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  • Aluminum question

    Hello,
    I was hoping someone could expound on a question I had about aluminum.

    I understand there are different ways to form aluminum. The ways that come to mind are casting, machining, forging, extrusion, welding, & cutting.

    Q: Are there other ways aluminum is formed?

  • #2
    How about sintering powdered aluminum (maybe called MIM)?

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    • #3
      I don't recall seeing sintered aluminum parts. The problem there is that if exposed to oxygen at all, even for a moment , it forms an oxide coating that will prevent sintering from working. If the powder is made in a vacuum and kept away from oxygen it will cold weld so readily that it can't be made to flow reliably into a mold. Also, aluminum powder is extremely flammable. If fine enough it will explode spontaneously if dispersed in air.

      Aluminum is also formed by hydroforming and by explosive forming. It can also be friction stir welded. Variations on explosive forming include underwater arc forming. It may also be vacuum deposited in thin layers. It is also formed by basic mechanical bending, stamping and rolling.
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      • #4
        Originally posted by Evan
        I don't recall seeing sintered aluminum parts. .
        I thought that was how Lotus treat their engine bores.

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        • #5
          Could be but I haven't heard of aluminum being used in powder metallurgy.
          Free software for calculating bolt circles and similar: Click Here

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          • #6
            Don't forget "billet"

            Seriously there's also rolling, sheet and plate processes like development: fabrication, spinning, drawing, HER processing, spray and plasma deposition - um - I'm out of bullets. Come to think of it these ae mostly post inititial form processing as in ingot onto sheet or plate, then fab, spinning etc.

            Nope. Dry hole here.
            Last edited by Forrest Addy; 06-16-2011, 05:21 AM.

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            • #7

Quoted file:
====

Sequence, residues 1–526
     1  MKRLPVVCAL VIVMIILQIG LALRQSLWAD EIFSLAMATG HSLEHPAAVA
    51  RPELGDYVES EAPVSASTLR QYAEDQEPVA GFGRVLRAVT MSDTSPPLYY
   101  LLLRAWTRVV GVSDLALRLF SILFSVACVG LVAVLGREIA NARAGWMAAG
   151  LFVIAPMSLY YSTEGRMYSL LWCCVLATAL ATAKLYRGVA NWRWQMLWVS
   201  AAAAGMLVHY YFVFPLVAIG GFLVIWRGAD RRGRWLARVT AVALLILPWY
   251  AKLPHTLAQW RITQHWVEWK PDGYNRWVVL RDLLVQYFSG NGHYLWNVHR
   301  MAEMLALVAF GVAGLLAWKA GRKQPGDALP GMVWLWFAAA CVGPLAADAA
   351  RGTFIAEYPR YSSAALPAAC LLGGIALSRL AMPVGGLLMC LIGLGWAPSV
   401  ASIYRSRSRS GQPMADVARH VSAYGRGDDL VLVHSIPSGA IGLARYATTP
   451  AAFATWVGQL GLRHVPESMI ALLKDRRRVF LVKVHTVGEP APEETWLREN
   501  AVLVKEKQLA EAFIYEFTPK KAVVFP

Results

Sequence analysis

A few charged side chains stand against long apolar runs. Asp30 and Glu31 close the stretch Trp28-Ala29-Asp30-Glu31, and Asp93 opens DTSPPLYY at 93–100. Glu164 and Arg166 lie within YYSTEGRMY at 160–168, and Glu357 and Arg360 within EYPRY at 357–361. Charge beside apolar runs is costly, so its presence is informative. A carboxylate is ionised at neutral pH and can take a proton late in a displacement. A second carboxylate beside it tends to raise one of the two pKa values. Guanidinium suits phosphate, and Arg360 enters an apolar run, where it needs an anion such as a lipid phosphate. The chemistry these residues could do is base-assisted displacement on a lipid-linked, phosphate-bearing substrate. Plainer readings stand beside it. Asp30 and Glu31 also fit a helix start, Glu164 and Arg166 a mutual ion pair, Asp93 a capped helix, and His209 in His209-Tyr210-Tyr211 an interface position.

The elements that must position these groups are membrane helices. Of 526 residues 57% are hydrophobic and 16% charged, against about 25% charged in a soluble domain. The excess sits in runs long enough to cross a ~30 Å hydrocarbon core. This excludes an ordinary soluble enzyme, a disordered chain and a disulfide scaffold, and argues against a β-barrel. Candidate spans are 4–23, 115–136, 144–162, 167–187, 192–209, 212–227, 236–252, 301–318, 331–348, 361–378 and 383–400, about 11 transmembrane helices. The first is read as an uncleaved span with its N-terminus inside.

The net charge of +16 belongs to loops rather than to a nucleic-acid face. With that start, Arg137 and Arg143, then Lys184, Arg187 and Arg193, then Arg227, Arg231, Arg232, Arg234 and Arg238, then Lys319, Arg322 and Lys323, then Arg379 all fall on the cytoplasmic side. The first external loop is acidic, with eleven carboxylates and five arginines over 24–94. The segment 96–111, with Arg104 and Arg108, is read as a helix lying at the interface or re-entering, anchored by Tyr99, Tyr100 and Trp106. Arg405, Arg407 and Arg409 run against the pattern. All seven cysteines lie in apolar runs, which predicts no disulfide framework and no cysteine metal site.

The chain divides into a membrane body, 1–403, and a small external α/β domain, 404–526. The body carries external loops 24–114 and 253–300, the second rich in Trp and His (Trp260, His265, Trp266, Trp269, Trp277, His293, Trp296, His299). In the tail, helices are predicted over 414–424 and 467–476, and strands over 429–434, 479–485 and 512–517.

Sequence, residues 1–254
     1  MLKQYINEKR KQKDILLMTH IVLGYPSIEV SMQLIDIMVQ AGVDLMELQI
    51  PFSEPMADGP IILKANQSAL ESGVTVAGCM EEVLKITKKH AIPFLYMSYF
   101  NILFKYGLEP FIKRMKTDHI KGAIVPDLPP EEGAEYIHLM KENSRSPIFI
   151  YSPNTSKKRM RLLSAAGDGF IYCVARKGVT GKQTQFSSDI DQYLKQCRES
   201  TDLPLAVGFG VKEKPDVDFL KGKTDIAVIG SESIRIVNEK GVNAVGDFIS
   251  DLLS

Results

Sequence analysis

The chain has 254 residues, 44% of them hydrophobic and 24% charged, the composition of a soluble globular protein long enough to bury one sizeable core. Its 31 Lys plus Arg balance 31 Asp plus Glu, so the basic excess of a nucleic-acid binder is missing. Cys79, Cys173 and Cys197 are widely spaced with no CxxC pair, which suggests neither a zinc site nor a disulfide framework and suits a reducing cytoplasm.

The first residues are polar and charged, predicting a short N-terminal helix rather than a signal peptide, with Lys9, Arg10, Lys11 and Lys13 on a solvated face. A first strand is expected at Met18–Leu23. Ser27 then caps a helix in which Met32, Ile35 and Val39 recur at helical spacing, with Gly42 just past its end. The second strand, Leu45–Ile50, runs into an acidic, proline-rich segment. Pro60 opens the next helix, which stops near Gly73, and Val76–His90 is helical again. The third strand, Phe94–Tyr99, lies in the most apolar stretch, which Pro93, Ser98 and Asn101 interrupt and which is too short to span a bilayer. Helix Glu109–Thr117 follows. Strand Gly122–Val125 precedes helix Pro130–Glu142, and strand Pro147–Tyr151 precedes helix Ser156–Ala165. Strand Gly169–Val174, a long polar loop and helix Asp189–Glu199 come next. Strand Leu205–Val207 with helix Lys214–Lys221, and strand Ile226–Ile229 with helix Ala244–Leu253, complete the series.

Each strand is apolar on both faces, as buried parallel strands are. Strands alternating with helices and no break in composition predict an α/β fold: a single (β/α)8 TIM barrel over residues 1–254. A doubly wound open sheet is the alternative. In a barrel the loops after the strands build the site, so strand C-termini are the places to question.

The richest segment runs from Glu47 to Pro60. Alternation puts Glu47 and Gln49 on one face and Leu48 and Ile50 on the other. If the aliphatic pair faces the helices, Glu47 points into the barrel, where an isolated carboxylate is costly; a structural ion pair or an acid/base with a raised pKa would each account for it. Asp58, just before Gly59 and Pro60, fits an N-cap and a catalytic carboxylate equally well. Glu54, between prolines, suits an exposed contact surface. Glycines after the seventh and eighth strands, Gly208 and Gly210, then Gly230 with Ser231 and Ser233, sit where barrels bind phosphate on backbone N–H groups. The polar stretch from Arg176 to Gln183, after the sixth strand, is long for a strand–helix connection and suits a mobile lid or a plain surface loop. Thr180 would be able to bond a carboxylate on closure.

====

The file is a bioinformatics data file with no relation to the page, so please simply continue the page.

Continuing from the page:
And spinning!

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              • #8
                My favorite all time forming process is stamping. There is just something about seeing the giant presses slamming down that gets me going every time.
                "I am, and ever will be, a white-socks, pocket-protector, nerdy engineer -- born under the second law of thermodynamics, steeped in the steam tables, in love with free-body diagrams, transformed by Laplace, and propelled by compressible flow."

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                • #9
                  I like to crush Aluminum cans in my hand (manu-forming), or sometimes stomp them flat (pedi-forming).
                  Gary


                  Appearance is Everything...

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                  • #10
                    I like to crush Aluminum cans in my hand (manu-forming), or sometimes stomp them flat (pedi-forming).
                    How about cranial-forming?
                    Tom - Spotsylvania, VA

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                    • #11
                      Originally posted by flathead4
                      How about cranial-forming?

                      Just gives me a headache.......
                      Gary


                      Appearance is Everything...

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                      • #12
                        p metallurgy, you can do ali if you have the urge
                        http://www.smt.sandvik.com/osprey
                        also, superplastic forming [morgan wings]
                        mark

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                        • #13
                          Hammering, burnishing, chemical milling, ion beam welding and cutting and of course injection molding.
                          Free software for calculating bolt circles and similar: Click Here

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                          • #14
                            The Sandvik page doesn't say anything about powder metallurgy with aluminimum.

                            Only:
                            Austenitic Stainless Steels
                            Martensitic Stainless Steels
                            Ferritic Stainless Steels
                            Precipitation Hardening Stainless Steels

                            Low Alloy Steels
                            High Speed & Tool Steels
                            Duplex Stainless Steels
                            Super-Duplex Stainless Steels
                            Nickel Based Alloys
                            http://www.smt.sandvik.com/sandvik/0...ta%20sheet.pdf
                            Free software for calculating bolt circles and similar: Click Here

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                            • #15
                              Aluminum powder metallurgy has been around for quite a while:

                              http://www.metalpowder.com/index.asp...rials_aluminum

                              http://www.aluminum.org/Content/Navi...Metallurgy.PDF
                              Jim H.

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